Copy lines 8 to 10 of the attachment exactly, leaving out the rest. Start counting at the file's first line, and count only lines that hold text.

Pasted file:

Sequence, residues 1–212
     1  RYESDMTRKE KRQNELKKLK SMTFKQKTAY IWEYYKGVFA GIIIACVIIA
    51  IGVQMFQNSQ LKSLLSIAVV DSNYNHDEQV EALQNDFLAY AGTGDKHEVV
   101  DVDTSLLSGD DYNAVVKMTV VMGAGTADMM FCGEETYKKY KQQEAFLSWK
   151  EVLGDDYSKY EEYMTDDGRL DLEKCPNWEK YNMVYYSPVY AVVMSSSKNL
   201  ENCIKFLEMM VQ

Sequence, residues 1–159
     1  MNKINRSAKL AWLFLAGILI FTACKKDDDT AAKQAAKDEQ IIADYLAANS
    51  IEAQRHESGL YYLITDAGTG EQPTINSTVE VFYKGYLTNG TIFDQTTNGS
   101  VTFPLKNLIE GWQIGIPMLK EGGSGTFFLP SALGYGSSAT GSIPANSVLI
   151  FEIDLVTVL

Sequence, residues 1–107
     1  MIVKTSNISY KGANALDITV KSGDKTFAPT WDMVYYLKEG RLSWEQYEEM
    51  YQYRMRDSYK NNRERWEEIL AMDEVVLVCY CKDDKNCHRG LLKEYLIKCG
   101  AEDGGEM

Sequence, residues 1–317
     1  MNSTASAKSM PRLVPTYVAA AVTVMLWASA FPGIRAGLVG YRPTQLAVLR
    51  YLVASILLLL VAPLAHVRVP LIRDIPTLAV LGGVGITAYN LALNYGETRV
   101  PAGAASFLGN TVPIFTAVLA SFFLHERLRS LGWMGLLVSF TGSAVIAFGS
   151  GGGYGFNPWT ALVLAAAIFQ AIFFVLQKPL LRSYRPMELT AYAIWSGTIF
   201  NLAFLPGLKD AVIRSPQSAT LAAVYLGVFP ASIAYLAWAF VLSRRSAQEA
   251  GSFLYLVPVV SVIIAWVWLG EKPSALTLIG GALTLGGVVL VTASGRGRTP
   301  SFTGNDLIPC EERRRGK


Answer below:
     1  MNKINRSAKL AWLFLAGILI FTACKKDDDT AAKQAAKDEQ IIADYLAANS
    51  IEAQRHESGL YYLITDAGTG EQPTINSTVE VFYKGYLTNG TIFDQTTNGS
   101  VTFPLKNLIE GWQIGIPMLK EGGSGTFFLP SALGYGSSAT GSIPANSVLI